Hello Central, Give Me Heaven
|"Hello Central, Give Me Heaven"|
|Song by Byron G. Harlan|
|Songwriter(s)||Charles K. Harris|
Hello Central, Give Me Heaven is a popular Tin Pan Alley song first published in 1901, with lyrics and music by Charles K. Harris, and was among Harris's most popular songs. It was first recorded by Byron G. Harlan and released in July 1901.
The song relates a young girl wishing to use the telephone ("Hello Central" refers to the operator) to call her dead mother. It was inspired by a newspaper story relating the attempt of the seven-year-old daughter of a widower to make such a call. Postcards were printed after the song's publication with the "kind permission" of Harris showing young girls using the telephone to call their dead mothers.
The song's popularity led to several "telephone songs" in the following years, and a one-reel film of the same title was released in 1913.
It has been estimated that the sheet music sold approximately one million copies.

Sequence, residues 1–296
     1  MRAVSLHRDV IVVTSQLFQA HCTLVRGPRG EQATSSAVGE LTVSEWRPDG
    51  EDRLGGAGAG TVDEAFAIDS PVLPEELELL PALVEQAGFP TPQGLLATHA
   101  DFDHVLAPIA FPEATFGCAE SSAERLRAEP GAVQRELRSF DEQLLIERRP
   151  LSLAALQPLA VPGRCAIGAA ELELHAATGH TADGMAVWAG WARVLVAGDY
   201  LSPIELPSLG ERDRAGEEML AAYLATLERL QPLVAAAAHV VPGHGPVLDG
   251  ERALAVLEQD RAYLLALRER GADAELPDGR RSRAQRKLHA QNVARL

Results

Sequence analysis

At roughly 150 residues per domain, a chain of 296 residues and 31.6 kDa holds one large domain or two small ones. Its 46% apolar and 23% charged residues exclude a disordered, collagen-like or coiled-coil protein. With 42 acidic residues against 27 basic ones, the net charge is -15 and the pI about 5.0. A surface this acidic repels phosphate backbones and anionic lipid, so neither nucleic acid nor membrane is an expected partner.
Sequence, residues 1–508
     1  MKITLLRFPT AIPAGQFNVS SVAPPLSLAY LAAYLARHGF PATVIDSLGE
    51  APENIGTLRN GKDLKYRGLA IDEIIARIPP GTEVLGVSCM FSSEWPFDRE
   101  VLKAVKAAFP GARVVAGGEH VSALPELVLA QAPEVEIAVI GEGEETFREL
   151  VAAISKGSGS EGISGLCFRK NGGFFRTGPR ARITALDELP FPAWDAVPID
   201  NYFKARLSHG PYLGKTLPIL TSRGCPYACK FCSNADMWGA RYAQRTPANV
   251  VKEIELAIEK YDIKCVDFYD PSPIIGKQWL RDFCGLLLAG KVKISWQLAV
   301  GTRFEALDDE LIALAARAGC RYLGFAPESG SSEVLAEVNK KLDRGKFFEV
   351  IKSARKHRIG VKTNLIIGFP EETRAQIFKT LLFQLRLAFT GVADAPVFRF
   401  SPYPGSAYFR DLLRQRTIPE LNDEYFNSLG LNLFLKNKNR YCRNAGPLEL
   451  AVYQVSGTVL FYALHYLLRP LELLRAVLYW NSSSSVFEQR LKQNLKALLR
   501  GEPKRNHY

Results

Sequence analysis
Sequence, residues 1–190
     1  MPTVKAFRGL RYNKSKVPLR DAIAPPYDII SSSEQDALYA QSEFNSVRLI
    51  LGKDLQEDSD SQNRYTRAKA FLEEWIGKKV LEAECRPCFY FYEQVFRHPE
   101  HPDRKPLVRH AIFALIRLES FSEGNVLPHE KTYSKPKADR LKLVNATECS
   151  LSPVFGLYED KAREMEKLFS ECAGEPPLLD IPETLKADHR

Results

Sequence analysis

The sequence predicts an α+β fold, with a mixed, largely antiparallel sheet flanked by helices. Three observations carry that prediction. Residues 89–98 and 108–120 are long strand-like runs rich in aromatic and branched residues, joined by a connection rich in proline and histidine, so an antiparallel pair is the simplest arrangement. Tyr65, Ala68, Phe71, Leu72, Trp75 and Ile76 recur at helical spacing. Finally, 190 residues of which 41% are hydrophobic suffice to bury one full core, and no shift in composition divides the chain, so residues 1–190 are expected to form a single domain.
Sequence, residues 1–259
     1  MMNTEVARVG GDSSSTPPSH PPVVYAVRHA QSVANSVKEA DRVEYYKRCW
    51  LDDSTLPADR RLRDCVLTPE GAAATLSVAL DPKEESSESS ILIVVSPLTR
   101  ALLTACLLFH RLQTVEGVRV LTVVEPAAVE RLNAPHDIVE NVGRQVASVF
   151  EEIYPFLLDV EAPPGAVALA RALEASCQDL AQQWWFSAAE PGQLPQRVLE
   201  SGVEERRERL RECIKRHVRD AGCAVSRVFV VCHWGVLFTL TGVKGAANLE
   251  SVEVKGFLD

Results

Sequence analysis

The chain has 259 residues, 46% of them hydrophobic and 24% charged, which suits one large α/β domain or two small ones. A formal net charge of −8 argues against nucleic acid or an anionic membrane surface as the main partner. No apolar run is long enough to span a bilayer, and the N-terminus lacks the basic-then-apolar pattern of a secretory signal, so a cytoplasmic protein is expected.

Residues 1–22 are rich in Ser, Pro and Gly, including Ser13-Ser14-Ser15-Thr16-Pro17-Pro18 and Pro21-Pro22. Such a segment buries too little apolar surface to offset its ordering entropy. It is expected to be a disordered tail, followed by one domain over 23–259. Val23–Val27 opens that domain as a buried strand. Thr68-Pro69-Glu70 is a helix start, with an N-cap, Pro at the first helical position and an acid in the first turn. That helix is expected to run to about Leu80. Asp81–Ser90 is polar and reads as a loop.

The Carter Family also recorded a version of the song.
Papa I'm so sad and lonely,
Sobbed a tearful little child
Since dear mama's gone to heaven
Papa darling, you've not smiled
I will speak to her and tell her
That we want her to come home
Just you listen and I'll call her
Through the telephone
Hello Central give me heaven
For my mama's there
You can find her with the angels
on the golden stair
She'll be glad it's me who's speaking
call her, won't you please
For I want to surely tell her
We're so lonely here
When the girl received this message
Coming o'er the telephone
How her heart thrilled in that moment
And the wires seemed to moan
I will answer just to please her
Yes, dear heart, I'll soon come home
Kiss me Mama, kiss your darling
Kiss me through the telephone
- Steffen, David J. From Edison to Marconi: The First Thirty Years of Recorded Music, p. 94-95 (2005)
- Janter, Kenneth Aaron. The Jews on Tin Pan Alley: the Jewish contribution to American popular music, 1830-1940, p. 105 (1982)
- Levinson, Paul. Cellphone: The Story of the World's Most Mobile Medium and How It Has Transformed Everything, p. 2 (2004)
- Holloway, Diane. American History in Song: Lyrics from 1900 To 1945, p. 9 (2001)
- Nicholls, David (ed.) The Cambridge History of American Music, p. 183 (1998)